Alumni Affairs

Alumni Advice

We invited Mount alumni to share their advice for current students and recent graduates. Here's what they had to say.

Question: What advice do you have for first-time job seekers?

"Realize your dreams and embrace them with enthusiasm and determination."

- Catherine Kennedy '70, Special Education

"The best advice I can offer first-time job seekers is to know the company. Be knowledgeable about who they are, what they do, their history and their mission. Your research will demonstrate to your potential employer that you've done your homework and are ready to invest in the company's future."

- Diandria Williams '12, Hudson Valley House of Hope

"The best thing you can do when you're looking for a job is to get all the hands-on experience you can in your field (even if you're not getting paid for it). Employers want to see initiative and want to know the person they hire has a passion for their trade. Don't waste your down-time on frivolous activities, make the most of it."

- Clarisa Rosario-DeGroate '14

"Don't be afraid to be adventurous! Looking outside of my 'circle' was where I found the most opportunities. Moving to a new city was both the scariest and one of the best moves I made!"

- Brianna Kousin '16, Intern Pharmacist / Cleveland Clinic

"Seek your 'dream job' and do not place too much preference on its salary. Prove yourself with your hard work and then seek the salary. Know also that at times opportunities come not in the field you studied. All in all be well rounded in your educational knowledge and contribute to the enterprise you choose. Be an asset, not just a salary earner!"

- Maria Sasso '70, Real Estate Broker

"Do your research on your prospective employer. It will make the interview easier. Show up early for any interviews. If you schedule an interview and change your mind, call and let the employer know you will not be coming. Be yourself." 

- D.F. '93, Teacher

"Don't rely solely on the internet. Find a place that you would like to work, go there and present yourself and your resume, in person. Knock on doors! Some people will tell you that it is not done that way anymore, that it is 'old school.' It is 'old school,' but so are many of the employers. I am more likely to hire a person that made the effort to come in to my office looking for a job."

- Richard Thayer '78, Dentist

"We look for a well rounded student. Anyone can sit in their dorm, study all day and night, and get straight A’s. We look for the candidate that has a leadership position in a club, activity or non-profit. The candidate should be active in some sort of student government, sports or clubs. The candidate should have volunteer experience to show that they care about the community outside of the college community. Remember: you are interviewing the company just as much as they are interviewing you."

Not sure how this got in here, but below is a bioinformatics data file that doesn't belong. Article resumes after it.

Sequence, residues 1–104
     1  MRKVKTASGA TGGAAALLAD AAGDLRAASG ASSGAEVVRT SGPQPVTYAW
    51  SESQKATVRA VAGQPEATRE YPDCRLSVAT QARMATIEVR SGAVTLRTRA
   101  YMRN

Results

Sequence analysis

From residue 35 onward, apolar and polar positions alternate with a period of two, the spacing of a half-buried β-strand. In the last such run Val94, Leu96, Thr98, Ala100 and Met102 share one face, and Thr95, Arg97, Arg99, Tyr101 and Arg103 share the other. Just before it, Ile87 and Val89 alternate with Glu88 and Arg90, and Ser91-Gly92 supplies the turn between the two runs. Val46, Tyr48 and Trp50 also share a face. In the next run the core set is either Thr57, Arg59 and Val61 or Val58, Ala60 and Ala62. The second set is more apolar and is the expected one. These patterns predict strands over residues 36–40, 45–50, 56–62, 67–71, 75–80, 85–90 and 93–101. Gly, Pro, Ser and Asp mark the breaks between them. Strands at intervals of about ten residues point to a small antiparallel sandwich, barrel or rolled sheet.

- Sean Glander '06, Senior Accountant

"Do not cut yourself short. Be willing to take risks and change your original plans. However, only change if it is moving you towards your goals."

- Michele Bender '07, Chemistry Educator Newburgh Free Academy

"Simple advice, follow your heart and the compensation will arrive shortly thereafter. Make your vocation a vacation. Put away a little money every payday if possible, not much, skip one or two restaurant outings per payday. You will be amazed with the growth of your money."

- Chris Patton '16, Human Resources

"Don’t think that any job is beneath you. It might not be your dream job, but consider it if it’s full time, heck even if it’s part time. The experience will come with age."

- Susan McCallop '13, Receptionist and Office Assistant

"Don't get discouraged if you are going to multiple interviews. Always research the company you're interviewing and if possible find a connection between you and the company you're interviewing with. Don't lie or overstate something, employers know you have limited experience and want the honest truth about you."

- Angel Aguilar '12, Accounting Supervisor, Mobile Life Support Services